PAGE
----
1. Contact Lenses Can Get Stuck Behind My Eye
It is not possible for contact lenses to get stuck behind the eye.
The Conjunctiva lines the inner eyelids, folding back on itself to cover the sclera (white of the eye). Because of this, there is no way for a dislodged lens to gain access to the rear or either side of the eyeball.
For information, read our guide on how to put in and take out contact lenses.
2. Contact Lenses Are Too Uncomfortable
Modern contact lenses are designed to be as comfortable and non-intrusive as possible.
Early iterations of contact lenses could be uncomfortable for some wearers. However, rather than glass or hard plastic, they're now made of high-tech materials like silicone hydrogel. More oxygen is able to enter the eye, nourishing the cornea and other structures so that wearers often don’t even notice them.
To see how much the technology has evolved over the years, read up on the history of contact lenses.
3. Contact Lenses Require Too Much Maintenance
Caring for your contact lenses is not as inconvenient or difficult as you might believe.
Modern lenses are easy to clean and maintain, and your Optician will guide you on correct methods. If you choose to wear daily disposables, then no cleaning or special storage methods are required at all!
If you want to know more, read our article on how to care for contact lenses.
4. Astigmatism Means I Can’t Wear Contact Lenses
Modern contact lenses are able to cater to many different eye conditions.
This includes astigmatism, which can be corrected by a wide range of different toric contacts. Astigmatism prescriptions are available for daily disposable, extended wear and monthly lenses.
For more information on the condition, read about the causes, symptoms and treatment of astigmatism.
5. Contact Lenses Bought Online Are More Likely To Cause Infections
When buying from a reputable seller, there is no difference between contact lenses bought online or from a brick-and-mortar store.
This misconception may be because some wearers aren’t made aware of how to care for their contacts. This can lead to an increased risk of infection. Because of this, and regardless of whether you buy lenses online, it is important to visit an eye care professional regularly.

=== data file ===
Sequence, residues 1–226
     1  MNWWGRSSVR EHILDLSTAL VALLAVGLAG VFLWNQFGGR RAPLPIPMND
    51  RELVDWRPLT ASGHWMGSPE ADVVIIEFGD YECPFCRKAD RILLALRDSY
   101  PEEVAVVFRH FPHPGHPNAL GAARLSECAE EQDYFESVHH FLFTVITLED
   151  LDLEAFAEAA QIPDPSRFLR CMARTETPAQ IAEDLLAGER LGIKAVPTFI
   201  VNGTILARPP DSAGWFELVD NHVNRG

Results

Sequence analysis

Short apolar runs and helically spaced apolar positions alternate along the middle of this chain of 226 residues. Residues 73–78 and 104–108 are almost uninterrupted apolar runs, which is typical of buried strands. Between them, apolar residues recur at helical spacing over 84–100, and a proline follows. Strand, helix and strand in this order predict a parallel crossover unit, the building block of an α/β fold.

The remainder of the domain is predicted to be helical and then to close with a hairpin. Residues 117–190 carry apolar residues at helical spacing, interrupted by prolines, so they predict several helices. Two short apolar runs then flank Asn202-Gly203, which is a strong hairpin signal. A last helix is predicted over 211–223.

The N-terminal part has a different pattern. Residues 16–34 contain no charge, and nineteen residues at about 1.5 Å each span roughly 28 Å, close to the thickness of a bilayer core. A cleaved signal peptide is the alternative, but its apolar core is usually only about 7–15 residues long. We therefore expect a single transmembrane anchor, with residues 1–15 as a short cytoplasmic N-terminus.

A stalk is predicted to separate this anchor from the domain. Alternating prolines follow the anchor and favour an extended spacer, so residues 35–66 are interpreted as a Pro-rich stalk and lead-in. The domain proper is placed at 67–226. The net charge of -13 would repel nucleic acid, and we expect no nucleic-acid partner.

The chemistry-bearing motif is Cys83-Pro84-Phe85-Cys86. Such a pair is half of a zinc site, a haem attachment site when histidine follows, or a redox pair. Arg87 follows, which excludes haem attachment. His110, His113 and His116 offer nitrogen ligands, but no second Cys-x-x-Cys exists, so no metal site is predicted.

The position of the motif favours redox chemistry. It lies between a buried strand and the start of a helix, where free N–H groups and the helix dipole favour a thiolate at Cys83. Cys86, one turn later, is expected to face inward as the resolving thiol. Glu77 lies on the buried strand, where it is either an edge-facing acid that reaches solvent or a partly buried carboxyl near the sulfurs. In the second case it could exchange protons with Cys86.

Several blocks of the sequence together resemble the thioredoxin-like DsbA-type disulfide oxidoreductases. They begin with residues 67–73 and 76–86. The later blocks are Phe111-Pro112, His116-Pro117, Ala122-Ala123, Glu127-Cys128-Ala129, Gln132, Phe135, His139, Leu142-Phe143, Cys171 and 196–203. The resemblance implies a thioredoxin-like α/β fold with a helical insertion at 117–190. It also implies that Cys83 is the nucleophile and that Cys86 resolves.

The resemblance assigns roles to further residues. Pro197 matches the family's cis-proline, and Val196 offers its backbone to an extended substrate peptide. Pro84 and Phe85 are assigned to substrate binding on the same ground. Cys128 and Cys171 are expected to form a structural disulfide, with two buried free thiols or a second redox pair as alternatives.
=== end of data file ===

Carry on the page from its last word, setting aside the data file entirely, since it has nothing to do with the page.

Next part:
If you’re a customer at Lenstore.co.uk, then you’re entitled to free eye tests and contact lens checkups.
6. I Can’t Wear Makeup With Contact Lenses
Wearing contact lenses doesn’t mean you’ll need to restrict your make up habits.
To reduce the risk of complication, you should insert lenses before applying makeup. Contacts should also be removed before removing the makeup. Ensure that cosmetic products never come in direct contact with your lenses – using hypoallergenic products can help.
If you do use make up with contact lenses, read about how wearing eyeliner could be damaging your eyes.
7. Contact Lenses Aren’t Suitable For Sports
Older contact lens models were made of rigid materials, making them more likely to pop out of the eye during intensive activities like sports. Rigid materials also had the potential danger of damaging the eye when playing contact sports or in the case of blunt trauma.
Modern lenses fit much more closely to the natural shape of the eye. This means it is very rare for them to pop out of the eye, making contacts a convenient option for vision correction in sports.
For more on keeping your eyes healthy while staying active, read about how to look after your eyes when playing sport.
8. I’m Too Old To Wear Contact Lenses
There is no set limit to how old you can be to wear contact lenses.
Contacts now come with the option of varifocal and bifocal. This means that older eyes can wear lenses, even if they require different prescriptions for distance and reading. If you have any other requirements, ask your local Optician about contact lens options to suit your eyes.
If you want to know how your diet can help prevent age-related eye conditions, check out our ultimate three-course meal for healthy eyes.
9. I’m Too Young To Wear Contact Lenses
Similarly to the lack of an age limit on contact lenses, there is no universal age to when you can start wearing them.
Prescribing contacts is at your Optician’s discretion. The maturity and capabilities of the patient are all considered when deciding whether contacts are suitable for your child. Fortunately, contact lenses can be very easy to maintain. Daily disposable lenses require no special storage or cleaning, making them perfect for younger patients.
For more information on vision correction at a young age, read our parent’s guide to children and contact lenses.
10. Contact Lenses Are Too Expensive
Contact lenses are no longer the great expense they once were, and online ordering has made them cheaper than ever! Even daily disposables, once considered a costly option, are now available for under £1 a day.
To see just how great online ordering can be, look no further than our selection of contact lenses on Lenstore.co.uk!